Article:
Cornerstone Building Brands Stock: The CBR Deal Opportunity (NYSE:CNR)

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Cornerstone Building Brands, Inc. (CNR) received a firm proposal on February 13, 2022, to take the company private by its 51% majority owner Clayton, Dubilier & Rice (CBR) at $24.65 per share. Shares naturally rose from its Friday close of $18.40 to close at $22.44, up almost 22%. The bid has been characterized as a “best and final” offer by CBR. This bid spread of $2.21 represents a 9.8% upside on the current share price. If you have been long shares, this is already a nice return but the question is whether it is worth continuing to hold shares to close this spread. This article looks at the information we know now to try to assess the risk of a deal break.

First, CBR is a majority owner of CNR which understandably makes it very unlikely for a competing bid to come in. In CBR’s letter of offer, they also explicitly state that they don’t want to take part in any alternative transactions; I read this as being unwilling to listen to higher offers for its current stake. In the same letter, they also refer to the $24.65 offer as being a 75% premium to CNR’s closing price on February 4, 2022, before the speculation about an offer began to gather steam, as documented by Bloomberg. This fact pattern confirms that this is a last and best offer.

CBR is also going to pains to ensure that minority shareholders are treated fairly. The 75% premium is quite substantial to the closing price; even to the previous 52-week high of just under $20 back in June, this is over 25% from that high point. The company also notes this in its offer letter:

At the outset of our exploratory discussions with the Special Committee and its advisors regarding a potential transaction, we stated that we would only be willing to consider a transaction that is expressly conditioned on the procedures described in Kahn v. M&F Worldwide Corp. and its progeny. Accordingly, any potential transaction would (among other things) have to be (1) approved by a fully empowered special committee of non-management directors that are independent of CD&R, the CD&R Funds and their affiliates and (2) subject to a non-waivable condition requiring the approval of the holders of a majority of the shares of Common Stock that are not owned by the CD&R Funds or their affiliates. Consistent with those prior discussions, we reiterate that our Proposal is expressly conditioned on these procedures.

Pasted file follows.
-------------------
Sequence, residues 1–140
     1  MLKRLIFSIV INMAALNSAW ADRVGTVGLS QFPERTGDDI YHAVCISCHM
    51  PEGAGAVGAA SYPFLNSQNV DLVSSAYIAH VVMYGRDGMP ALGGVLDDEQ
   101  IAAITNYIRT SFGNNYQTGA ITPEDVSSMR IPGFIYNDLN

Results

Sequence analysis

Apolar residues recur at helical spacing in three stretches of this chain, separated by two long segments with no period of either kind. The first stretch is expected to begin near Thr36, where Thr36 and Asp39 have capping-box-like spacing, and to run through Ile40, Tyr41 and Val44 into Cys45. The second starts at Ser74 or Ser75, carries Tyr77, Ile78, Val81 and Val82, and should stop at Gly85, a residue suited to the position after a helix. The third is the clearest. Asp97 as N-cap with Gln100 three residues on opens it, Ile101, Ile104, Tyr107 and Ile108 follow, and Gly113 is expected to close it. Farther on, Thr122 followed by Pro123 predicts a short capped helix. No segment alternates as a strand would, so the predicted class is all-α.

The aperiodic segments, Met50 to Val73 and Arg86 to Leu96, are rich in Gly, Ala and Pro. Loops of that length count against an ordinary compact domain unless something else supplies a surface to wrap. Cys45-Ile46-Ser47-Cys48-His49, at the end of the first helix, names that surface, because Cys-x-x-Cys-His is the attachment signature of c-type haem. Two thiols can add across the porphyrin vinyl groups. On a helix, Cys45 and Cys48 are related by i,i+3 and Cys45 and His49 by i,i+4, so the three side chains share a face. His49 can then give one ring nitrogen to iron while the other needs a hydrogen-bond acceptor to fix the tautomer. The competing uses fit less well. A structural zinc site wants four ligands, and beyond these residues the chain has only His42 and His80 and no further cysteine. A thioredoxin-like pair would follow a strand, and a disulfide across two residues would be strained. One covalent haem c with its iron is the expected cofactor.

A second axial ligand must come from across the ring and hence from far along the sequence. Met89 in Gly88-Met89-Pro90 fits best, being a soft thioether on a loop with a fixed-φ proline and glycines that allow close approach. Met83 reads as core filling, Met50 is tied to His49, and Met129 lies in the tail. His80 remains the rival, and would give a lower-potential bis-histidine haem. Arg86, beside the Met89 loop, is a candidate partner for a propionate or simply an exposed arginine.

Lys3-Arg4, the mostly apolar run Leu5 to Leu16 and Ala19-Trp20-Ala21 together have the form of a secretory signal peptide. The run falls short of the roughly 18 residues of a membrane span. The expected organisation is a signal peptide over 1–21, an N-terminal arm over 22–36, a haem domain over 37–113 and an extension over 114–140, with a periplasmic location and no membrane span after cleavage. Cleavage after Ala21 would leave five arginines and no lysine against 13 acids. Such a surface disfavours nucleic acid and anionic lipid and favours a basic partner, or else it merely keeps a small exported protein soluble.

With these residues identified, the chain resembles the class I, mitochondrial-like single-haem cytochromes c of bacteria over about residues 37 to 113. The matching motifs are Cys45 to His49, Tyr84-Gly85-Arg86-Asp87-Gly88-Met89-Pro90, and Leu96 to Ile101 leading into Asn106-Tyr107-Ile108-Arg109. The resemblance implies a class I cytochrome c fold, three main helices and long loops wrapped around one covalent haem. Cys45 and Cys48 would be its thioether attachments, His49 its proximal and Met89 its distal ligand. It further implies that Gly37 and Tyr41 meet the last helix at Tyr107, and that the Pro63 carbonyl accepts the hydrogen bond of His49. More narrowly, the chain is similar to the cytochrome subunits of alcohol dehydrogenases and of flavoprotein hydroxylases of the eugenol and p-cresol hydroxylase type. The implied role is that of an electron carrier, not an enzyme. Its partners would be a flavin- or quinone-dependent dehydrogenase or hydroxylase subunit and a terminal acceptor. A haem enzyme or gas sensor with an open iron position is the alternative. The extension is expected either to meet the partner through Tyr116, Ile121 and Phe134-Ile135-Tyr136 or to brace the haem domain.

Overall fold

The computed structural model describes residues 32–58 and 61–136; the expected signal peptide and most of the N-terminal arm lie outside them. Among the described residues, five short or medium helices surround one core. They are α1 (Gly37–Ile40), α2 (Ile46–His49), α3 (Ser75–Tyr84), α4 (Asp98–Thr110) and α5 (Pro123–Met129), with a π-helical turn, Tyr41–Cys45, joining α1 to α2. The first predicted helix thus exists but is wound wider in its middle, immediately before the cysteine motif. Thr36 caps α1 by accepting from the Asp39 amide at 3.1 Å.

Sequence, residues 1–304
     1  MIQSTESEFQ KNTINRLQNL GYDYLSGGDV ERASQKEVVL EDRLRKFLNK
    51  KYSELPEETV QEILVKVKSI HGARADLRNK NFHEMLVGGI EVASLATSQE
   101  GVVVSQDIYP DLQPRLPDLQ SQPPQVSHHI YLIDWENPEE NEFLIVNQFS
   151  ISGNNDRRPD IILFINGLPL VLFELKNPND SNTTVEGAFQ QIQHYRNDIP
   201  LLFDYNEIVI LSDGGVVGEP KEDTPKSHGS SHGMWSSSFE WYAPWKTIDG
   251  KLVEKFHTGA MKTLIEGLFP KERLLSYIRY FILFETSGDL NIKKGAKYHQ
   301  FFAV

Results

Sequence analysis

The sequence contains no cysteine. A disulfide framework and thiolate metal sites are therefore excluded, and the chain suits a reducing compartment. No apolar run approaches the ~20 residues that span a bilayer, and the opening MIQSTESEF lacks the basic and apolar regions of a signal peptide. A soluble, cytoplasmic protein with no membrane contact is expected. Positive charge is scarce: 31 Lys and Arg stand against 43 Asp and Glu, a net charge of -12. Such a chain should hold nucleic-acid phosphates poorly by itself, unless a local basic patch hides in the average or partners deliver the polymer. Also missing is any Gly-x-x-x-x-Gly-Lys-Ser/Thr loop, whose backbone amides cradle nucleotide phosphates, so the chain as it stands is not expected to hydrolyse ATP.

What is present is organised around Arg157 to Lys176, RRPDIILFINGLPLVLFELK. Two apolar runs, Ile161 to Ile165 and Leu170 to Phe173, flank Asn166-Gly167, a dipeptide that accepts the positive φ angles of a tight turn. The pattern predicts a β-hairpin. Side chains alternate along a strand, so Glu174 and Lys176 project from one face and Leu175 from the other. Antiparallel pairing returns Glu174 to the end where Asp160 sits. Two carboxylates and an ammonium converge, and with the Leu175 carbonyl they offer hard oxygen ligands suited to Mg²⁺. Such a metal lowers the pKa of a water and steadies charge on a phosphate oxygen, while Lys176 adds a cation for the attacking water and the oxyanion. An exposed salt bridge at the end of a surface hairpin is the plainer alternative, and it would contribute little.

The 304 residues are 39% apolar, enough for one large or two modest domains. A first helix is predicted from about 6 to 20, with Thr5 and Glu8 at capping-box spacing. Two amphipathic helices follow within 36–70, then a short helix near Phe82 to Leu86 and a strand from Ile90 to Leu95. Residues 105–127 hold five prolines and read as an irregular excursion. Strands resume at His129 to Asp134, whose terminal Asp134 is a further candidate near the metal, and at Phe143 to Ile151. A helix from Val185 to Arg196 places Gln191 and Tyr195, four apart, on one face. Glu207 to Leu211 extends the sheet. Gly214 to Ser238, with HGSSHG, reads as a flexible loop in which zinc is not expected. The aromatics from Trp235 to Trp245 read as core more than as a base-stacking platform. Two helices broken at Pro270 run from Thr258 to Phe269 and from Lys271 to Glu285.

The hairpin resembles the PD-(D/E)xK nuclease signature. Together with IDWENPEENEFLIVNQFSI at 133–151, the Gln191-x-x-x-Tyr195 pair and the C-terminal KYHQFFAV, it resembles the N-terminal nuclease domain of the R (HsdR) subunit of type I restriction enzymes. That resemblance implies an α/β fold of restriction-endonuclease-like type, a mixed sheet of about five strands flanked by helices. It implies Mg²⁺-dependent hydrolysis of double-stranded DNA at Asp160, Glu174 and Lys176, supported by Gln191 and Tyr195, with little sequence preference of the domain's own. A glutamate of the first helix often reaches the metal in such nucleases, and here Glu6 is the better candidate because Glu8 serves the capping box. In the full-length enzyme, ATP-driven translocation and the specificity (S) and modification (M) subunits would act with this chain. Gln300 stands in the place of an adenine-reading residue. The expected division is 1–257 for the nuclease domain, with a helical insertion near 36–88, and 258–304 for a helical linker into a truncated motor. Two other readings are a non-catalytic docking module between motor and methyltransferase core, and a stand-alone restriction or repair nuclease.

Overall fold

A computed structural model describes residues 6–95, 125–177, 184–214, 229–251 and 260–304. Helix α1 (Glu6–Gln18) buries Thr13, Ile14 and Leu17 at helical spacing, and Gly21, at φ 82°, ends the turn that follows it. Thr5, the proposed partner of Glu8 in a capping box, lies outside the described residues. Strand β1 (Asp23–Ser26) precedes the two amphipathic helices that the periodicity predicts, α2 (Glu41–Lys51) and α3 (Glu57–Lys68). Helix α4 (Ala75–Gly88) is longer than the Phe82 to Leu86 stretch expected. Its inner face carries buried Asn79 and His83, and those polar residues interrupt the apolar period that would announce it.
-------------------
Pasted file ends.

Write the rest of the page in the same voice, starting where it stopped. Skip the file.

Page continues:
Although standard conditions, I believe they are taking pains to ensure the minority shareholders are treated fairly, which should lead to both a quick tender offer as well as avoiding any potential litigation that could result if they are not treated fairly. My own speculation put the lowest offer that would be potentially acceptable at between $20 & $21:

Dan Stringer

Twitter comment (Twitter)

This price is far above this number and combined with the stated logic behind the bid, I believe this is a fair bid. The fact shares are trading below the offer price would indicate that the market does not expect the price to be sweetened. However, the 9.8% gap would seem to indicate that there is some risk to the deal not closing. I tend to think this represents more of a lack of details available as well as the fact that management at CNR has not officially approved or recommended the deal. CNR has setup a committee to evaluate a potential transaction in its response to CBR. Once CNR evaluates the deal and makes a recommendation to shareholders, a timeline for closing (assuming shareholder approval) should be possible.


I believe CBR has taken great pains to go about this transaction to remove any impediments to CNR approval. Offering a decent premium to recent trading and ensuring minority shares are involved all give a good risk reward of this deal spread closing quickly. With the relative market weakness recently, a 9.8% arbitrage represents a fairly good return for a deal that doesn’t seem to have a lot of risk of not closing.

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